This week I moderated a panel at OMMA Social that focused on social media metrics. In preparing for the panel, I started my research with trying to define what social media measurement really is. I had a preconceived notion that everything can be measured, right? Well, to quote someone from the conference (who was quoting Einstein), "Everything that can be counted does not necessarily count; everything that counts cannot necessarily be counted."
If you are not a reader of Erwin Ephron's Ephron On Media , you should be. Ephron is credited with having "invented" media planning. Where that is true or not (probably is), Ephron has certainly been around since the start of media planning in the '60s. And he remains one of the lucid voices in the media opinion world. In his most recent piece, he talks about the new Nielsen fusion initiative which marries the NTI TV ratings service with measures on streaming video and consumer purchase behavior. He explains in greater detail than I will go into here, fusion ...
A client shared with me a copy of a solicitation email they got from an otherwise reputable marketing measurement company with a proprietary methodology for linking the value of marketing communications to shareholder value.
If an advertiser wants to use online advertising to get a message in front of women 21-49 with kids, and to reach 70% of them at least three times, the tools exist to enable that. I can't think of a single good reason to discourage the practice.
As someone who came out of traditional media and who believes its members have a good understanding of what clients want and need, I am always astounded by the question of the validity of using GRPs for a Web metric. But then I back off and remind myself that there is a whole generation of advertising people who are from the Web era with no background in traditional. The answer is yes, of course. Why? Let me count the ways.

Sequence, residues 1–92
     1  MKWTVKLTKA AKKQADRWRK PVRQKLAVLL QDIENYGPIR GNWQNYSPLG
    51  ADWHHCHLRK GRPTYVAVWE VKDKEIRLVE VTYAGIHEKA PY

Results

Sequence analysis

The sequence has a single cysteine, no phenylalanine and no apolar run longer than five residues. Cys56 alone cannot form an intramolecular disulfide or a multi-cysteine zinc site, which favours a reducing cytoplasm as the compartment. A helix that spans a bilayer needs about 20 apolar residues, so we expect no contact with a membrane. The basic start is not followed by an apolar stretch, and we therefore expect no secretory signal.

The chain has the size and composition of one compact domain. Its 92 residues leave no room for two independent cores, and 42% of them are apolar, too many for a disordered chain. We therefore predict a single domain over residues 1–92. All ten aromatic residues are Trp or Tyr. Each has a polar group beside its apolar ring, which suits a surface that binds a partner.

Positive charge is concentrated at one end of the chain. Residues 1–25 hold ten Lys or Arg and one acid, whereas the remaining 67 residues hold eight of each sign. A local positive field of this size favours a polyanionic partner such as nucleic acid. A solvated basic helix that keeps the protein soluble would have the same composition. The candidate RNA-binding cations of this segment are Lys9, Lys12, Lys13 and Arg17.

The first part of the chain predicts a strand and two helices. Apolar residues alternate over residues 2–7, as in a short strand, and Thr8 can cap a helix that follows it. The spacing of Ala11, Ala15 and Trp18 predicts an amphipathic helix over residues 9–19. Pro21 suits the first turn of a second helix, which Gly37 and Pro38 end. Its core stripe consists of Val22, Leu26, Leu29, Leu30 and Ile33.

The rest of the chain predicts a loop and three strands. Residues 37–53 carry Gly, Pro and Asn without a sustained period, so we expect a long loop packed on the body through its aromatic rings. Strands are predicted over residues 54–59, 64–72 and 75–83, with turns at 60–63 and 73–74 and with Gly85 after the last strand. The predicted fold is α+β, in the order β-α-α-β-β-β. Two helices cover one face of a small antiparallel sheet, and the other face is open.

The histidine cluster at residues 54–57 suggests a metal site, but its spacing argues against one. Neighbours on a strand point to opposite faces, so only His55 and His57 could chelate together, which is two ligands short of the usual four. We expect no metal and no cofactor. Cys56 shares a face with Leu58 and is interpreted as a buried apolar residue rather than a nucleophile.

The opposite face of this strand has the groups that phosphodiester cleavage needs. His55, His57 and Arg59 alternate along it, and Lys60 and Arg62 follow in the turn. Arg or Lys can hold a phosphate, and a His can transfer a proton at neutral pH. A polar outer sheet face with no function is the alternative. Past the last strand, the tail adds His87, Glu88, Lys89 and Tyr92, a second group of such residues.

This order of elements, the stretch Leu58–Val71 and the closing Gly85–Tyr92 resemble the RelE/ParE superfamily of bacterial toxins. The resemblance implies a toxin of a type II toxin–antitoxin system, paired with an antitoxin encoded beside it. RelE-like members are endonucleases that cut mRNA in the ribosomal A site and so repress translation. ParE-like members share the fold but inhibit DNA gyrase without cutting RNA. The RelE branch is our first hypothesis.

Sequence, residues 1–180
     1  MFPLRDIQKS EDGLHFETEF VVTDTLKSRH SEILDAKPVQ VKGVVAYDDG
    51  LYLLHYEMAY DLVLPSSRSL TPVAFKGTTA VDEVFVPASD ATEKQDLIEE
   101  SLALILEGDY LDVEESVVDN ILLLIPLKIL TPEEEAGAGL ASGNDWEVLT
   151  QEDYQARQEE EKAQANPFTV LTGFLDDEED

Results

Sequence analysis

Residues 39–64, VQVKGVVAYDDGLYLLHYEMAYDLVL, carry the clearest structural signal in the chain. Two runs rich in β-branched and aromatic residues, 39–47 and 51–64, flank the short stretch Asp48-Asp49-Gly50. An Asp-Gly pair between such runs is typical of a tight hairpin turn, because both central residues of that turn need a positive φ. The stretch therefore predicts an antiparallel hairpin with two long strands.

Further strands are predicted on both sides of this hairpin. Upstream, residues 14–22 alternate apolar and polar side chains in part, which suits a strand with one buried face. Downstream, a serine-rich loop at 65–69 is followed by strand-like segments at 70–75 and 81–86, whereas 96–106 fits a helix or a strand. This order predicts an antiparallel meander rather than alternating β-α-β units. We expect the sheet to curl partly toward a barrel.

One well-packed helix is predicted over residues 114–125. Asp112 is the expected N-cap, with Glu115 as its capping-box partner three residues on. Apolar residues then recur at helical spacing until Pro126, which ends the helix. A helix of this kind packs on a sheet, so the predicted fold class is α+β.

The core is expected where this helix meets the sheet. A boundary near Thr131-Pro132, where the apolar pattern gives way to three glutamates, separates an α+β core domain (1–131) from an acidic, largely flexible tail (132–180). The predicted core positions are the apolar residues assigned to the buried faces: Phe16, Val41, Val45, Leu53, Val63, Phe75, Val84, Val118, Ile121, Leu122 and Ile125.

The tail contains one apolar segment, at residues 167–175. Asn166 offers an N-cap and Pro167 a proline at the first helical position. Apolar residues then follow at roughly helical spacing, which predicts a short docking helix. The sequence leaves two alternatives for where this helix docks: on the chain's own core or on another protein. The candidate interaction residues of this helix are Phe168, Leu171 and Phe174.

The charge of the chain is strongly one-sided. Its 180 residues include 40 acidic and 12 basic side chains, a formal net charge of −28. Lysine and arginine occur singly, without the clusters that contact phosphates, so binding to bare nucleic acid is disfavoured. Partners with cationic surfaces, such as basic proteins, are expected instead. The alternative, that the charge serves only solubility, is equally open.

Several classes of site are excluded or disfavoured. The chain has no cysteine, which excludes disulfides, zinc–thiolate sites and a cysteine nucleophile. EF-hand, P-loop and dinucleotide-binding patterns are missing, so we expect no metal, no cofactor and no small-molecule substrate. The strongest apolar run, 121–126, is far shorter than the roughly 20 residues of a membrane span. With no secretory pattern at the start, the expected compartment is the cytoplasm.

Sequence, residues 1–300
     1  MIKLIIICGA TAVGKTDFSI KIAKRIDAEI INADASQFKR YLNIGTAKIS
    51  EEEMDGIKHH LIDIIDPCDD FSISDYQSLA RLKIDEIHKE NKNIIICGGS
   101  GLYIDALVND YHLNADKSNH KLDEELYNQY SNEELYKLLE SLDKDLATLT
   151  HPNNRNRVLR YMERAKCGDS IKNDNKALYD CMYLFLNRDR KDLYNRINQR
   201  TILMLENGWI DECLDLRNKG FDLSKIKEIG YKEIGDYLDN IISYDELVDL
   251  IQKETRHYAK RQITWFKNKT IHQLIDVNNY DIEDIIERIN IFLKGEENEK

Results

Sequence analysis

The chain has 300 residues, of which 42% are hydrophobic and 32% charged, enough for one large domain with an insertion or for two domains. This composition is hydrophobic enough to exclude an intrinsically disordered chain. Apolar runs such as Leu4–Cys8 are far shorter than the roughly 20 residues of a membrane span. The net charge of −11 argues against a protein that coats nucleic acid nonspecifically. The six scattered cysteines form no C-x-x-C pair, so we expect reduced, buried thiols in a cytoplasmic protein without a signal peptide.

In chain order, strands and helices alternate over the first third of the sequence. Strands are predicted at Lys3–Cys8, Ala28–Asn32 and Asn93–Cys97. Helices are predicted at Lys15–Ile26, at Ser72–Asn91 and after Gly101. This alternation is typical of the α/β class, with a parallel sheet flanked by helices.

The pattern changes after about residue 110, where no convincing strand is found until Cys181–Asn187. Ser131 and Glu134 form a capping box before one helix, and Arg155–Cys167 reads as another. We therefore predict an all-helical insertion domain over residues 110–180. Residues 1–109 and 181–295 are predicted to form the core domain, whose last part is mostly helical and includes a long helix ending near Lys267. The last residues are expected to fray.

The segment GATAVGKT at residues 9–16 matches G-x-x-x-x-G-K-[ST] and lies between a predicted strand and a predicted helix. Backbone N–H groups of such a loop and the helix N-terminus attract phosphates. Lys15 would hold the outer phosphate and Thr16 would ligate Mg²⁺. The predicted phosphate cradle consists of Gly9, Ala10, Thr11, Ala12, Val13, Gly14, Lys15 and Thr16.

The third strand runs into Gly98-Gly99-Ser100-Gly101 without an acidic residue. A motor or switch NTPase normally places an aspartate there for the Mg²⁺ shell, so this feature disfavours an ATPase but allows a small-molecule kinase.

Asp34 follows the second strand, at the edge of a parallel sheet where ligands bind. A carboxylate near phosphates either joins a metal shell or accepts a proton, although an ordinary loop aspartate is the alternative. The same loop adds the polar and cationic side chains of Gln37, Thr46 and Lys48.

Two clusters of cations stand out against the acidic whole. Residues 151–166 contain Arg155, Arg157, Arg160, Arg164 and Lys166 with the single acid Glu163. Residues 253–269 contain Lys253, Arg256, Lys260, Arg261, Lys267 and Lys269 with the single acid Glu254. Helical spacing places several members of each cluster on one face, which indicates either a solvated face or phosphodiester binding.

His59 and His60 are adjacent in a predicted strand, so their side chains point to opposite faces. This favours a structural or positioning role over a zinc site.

A question any practitioner of Internet-based analytics will be asked by many different stakeholders is, "Why don't the numbers match?" Counts of the identically named metrics from ad servers don't match the Web analytics tool, which don't match the for-pay third-party audience measurement tools, which don't match the free audience measurement tools, which never match any of the homegrown internal measurement tools. And none of them ever match each other.
When I started as an Internet marketing strategist back in 1993, I was usually asked, "Jim, can we really make money online?" I would lead clients through their Web awakening, explaining that the Internet is a communication tool and could be used to contact customers from awareness (advertising) to education (marketing) to transactions (sales) and solving problems (customer service). During the next few years, the question was, "Jim, how do we make our Web site better?" My immediate response was, "Better at what? What are you trying to accomplish?"
I think there are two things that we can expect to see driving adoption of mobile-based Internet access over the next five years: demography and technology.With respect to demography, a colleague of mine who until recently was a college professor tells me that overwhelmingly, the platform of media choice for 18- to 24-year-olds -- based on her observation of the university population -- is the phone With respect to technology, consider the impact of the iPhone, not yet a year old. According to M:Metrics, fully 88% of iPhone users access news, information or entertainment content via mobile handset.